Tagged: Pitching

Rotation Picks

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I started the last entry
with my preseason playoff picks, but now it is time for something a little more
hardcore.

 

Below are
my picks, not predictions, for each big league team’s 2009 starting
rotation. 

 

Toronto
  1. Roy Halladay
  2. Jesse Litsch
  3. David Purcey

  4. Casey Janssen
  1. Bryan Bullington

 

Baltimore
  1. Jeremy Guthrie
  2. Koji Uehara
  3. Rich Hill
  4. Radhames Liz
  5. David Pauley

 

Tampa Bay
  1. Scott Kazmir
  2. James Shields
  3. Matt Garza
  4. Andy Sonnanstine
  5. Jeff Neimann

 

Boston
  1. Josh Beckett
  2. Jon Lester
  3. Daisuke Matsuzaka
  4. Tim Wakefield
  5. Clay Buchholz

 

New York
  1. CC Sabathia
  2. Chien-Ming Wang
  3. A.J. Burnett
  4. Andy Pettitte
  5. Joba Chamberlain

 

Cleveland
  1. Cliff Lee
  2. Fausto Carmona
  3. Anthony Reyes
  4. Aaron Laffey
  5. Jeremy Sowers

 

Kansas City
  1. Zack Greinke
  2. Gil Meche
  3. Kyle Davies
  4. Luke Hochevar
  5. Brian Bannister

 

Detroit
  1. Jeremy Bonderman
  2. Justin Verlander
  3. Armando Galarraga
  4. Edwin Jackson
  5. Chris Lambert

 

Minnesota

  1. Scott Baker
  2. Kevin Slowey
  3. Francisco Liriano
  4. Kevin Blackburn
  5. Glen Perkins

 

Chicago

  1. Mark Buehrle
  2. John Danks
  3. Gavin Floyd
  4. Jose Contreras
  5. Clayton Richard

 

Los Angeles
  1. John Lackey
  2. Ervin Santana
  3. Joe Saunders
  4. Jered Weaver
  5. Anthony Ortega


Oakland
  1. Justin Duchscherer
  2. Dana Eveland
  3. Dallas Braden
  4. Sean Gallagher
  5. Gio Gonzalez

 

Seattle
  1. Felix Hernandez
  2. Eric Bedard
  3. Jarrod Washburn
  4. Garrett Olson
  5. Ryan Rowland-Smith

 

Texas
  1. Kevin Millwood
  2. Vicente Padilla
  3. Brandon McCarthy
  4. Matt Harrison
  5. Doug Mathis

 

Atlanta
  1. Derek Lowe
  2. Jair Jurrjens
  3. Javier Vasquez
  4. Kenshin Kawakami
  5. Jo-Jo Reyes

 

Florida
  1. Josh Johnson
  2. Ricky Nolasco
  3. Chris Volstad
  4. Anibal Sanchez
  5. Andrew Miller

 

New York
  1. Johan Santana
  2. John Maine
  3. Mike Pelfrey
  4. Oliver Perez
  5. Tim Redding

 

Philadelphia
  1. Cole Hamels
  2. Brett Myers
  3. Jamie Moyer
  4. Joe Blanton
  5. J.A. Happ

 

Washington
  1. John Lannan
  2. Scott Olsen
  3. Shawn Hill
  4. Collin Balester
  5. Shairon Martis

 

Houston
  1. Roy Oswalt
  2. Wandy Rodriguez
  3. Mike Hampton
  4. Brian Moehler
  5. Brandon Backe

 

Milwaukee
  1. Yovani Gallardo
  2. Dave Bush
  3. Braden Looper
  4. Manny Parra
  5. Jeff Suppan

 

St. Louis
  1. Adam Wainwright
  2. Kyle Lohse
  3. Chris Carpenter
  4. Todd Wellemeyer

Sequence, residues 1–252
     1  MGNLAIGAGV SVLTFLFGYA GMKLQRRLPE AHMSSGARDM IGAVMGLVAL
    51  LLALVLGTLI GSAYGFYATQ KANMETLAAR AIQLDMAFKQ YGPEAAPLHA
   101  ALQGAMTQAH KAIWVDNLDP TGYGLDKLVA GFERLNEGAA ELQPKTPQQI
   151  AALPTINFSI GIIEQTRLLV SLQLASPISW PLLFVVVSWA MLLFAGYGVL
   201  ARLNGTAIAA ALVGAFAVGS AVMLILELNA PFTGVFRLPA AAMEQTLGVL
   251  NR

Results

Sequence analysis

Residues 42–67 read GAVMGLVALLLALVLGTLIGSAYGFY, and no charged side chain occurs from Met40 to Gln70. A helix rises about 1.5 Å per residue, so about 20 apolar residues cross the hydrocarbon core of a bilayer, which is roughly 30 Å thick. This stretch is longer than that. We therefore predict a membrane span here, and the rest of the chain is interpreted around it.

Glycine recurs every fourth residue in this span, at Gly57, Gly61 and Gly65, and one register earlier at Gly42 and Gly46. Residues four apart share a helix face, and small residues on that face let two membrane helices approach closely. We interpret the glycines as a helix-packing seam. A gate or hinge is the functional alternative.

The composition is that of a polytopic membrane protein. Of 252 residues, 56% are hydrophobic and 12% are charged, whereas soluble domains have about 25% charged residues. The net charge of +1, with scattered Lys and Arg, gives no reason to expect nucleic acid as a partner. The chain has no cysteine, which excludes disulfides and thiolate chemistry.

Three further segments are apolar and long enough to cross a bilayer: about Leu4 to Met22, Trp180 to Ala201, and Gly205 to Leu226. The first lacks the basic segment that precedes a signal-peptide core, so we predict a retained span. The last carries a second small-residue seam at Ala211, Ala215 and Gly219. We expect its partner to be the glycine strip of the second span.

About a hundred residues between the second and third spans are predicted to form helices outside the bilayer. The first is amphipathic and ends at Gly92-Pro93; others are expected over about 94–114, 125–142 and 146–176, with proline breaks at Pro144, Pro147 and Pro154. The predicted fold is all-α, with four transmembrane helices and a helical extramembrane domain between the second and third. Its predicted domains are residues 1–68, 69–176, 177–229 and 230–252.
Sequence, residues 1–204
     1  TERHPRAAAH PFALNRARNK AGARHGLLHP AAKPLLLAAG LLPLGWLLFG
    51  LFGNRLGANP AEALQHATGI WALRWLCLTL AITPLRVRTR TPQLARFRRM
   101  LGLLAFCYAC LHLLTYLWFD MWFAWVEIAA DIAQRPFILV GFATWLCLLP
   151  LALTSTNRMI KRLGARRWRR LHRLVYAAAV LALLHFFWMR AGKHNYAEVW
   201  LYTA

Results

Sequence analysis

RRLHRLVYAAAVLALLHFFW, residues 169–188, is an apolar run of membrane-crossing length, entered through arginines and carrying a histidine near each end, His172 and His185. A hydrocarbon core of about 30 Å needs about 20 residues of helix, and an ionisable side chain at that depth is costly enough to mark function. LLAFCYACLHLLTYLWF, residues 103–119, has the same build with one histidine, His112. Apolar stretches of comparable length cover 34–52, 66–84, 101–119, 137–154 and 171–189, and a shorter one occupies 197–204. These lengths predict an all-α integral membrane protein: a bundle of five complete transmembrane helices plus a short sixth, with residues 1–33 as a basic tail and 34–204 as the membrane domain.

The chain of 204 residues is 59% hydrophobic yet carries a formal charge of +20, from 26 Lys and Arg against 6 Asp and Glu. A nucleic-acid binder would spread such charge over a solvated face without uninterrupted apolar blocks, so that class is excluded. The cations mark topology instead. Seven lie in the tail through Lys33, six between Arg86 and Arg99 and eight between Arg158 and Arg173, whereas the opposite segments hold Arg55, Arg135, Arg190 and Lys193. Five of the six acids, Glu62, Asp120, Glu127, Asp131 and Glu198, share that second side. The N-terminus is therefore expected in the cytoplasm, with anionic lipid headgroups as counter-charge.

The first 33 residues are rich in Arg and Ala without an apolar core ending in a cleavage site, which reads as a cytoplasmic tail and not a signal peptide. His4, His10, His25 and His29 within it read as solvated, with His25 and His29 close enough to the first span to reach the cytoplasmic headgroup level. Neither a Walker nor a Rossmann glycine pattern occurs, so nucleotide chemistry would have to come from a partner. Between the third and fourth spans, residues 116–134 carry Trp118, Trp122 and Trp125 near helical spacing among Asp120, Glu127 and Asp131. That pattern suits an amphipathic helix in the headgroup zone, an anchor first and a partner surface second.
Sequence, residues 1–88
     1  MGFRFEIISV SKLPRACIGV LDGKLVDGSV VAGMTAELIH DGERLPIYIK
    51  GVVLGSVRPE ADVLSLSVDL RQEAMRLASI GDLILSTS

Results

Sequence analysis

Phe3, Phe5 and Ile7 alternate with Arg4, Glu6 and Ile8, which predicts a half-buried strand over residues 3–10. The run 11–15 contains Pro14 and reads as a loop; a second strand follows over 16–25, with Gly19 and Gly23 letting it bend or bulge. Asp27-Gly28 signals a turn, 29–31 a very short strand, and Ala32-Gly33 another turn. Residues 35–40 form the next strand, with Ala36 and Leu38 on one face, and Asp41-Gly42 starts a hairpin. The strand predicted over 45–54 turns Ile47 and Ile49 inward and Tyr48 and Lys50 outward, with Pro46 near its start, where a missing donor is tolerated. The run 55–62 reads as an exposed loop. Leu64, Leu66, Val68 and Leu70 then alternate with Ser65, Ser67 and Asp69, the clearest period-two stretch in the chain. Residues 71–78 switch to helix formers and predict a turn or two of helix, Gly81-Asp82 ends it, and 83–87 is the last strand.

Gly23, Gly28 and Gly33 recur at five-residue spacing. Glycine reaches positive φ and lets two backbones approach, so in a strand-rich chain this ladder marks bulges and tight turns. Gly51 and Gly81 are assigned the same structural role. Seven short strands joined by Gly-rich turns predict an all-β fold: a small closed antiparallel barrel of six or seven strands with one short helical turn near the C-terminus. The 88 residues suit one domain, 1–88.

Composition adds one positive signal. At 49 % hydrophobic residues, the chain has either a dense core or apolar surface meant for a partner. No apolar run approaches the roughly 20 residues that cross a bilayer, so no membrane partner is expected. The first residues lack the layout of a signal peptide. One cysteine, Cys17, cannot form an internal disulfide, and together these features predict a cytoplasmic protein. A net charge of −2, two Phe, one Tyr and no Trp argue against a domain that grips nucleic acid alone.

5. Mitchell Boggs

 

Chicago
  1. Carlos Zambrano
  2. Ryan Dempster
  3. Rich Harden
  4. Ted Lilly
  5. Sean Marshall

 

Pittsburgh
  1. Paul Maholm
  2. Ian Snell
  3. Tom Gorzelanny
  4. Zach Duke
  5. Jeff Karstens

 

Cincinnati
  1. Edinson Volquez
  2. Aaron Harang
  3. Johnny Cueto
  4. Bronson Arroyo
  5. Homer Bailey

 

Arizona
  1. Brandon Webb
  2. Danny Haren
  3. Doug Davis
  4. Max Scherzer
  5. Jon Garland

 

Los Angeles
  1. Chad Billingsley
  2. Hiroki Kuroda
  3. Clayton Kershaw
  4. Randy Wolf
  5. James McDonald

 

San Francisco
  1. Tim Lincecum
  2. Matt Cain
  3. Barry Zito
  4. Randy Johnson
  5. Jonathan Sanchez

 

San Diego
  1. Jake Peavy
  2. Chris Young
  3. Josh Geer
  4. Cha Seung Baek
  5. Chad Reineke

 

Colorado
  1. Aaron Cook
  2. Ubaldo Jimenez
  3. Jason Marquis
  4. Greg Smith
  5. Jason Hirsh

 

cashman_brian031217_getty.jpg

After making these lists
and seeing this
thread, I’ve been inspired to decide which rotation I think is the best.  As I’ve said earlier, I think Cleveland has
the best starting pitching depth, but as far as the most effective starting
five goes, I’ll have to take the Yankees. 
No one in the MLB can match Sabathia, Wang, Burnett, Pettitte, and
Chamberlain.  Plus New York has a bunch
of depth with Phil Hughes, Ian Kennedy, Alfredo Aceves, Humberto Sanchez, Kei
Igawa all in Triple-A presumably.  The
best National League rotation is, in my opinion, the Chicago Cubs.  Of course, that all depends on how healthy
Rich Harden can stay.

wade.jpg

And as for the worst…I’d
pick the Astros.  Sure, the Jays or
Pirates may have worse team pitching statistics in 2009, but Houston has
absolutely no depth and a weak collection of pitching prospects (and position
prospects for that matter).

 

As always, let me know
what you think.  In my next entry I’ll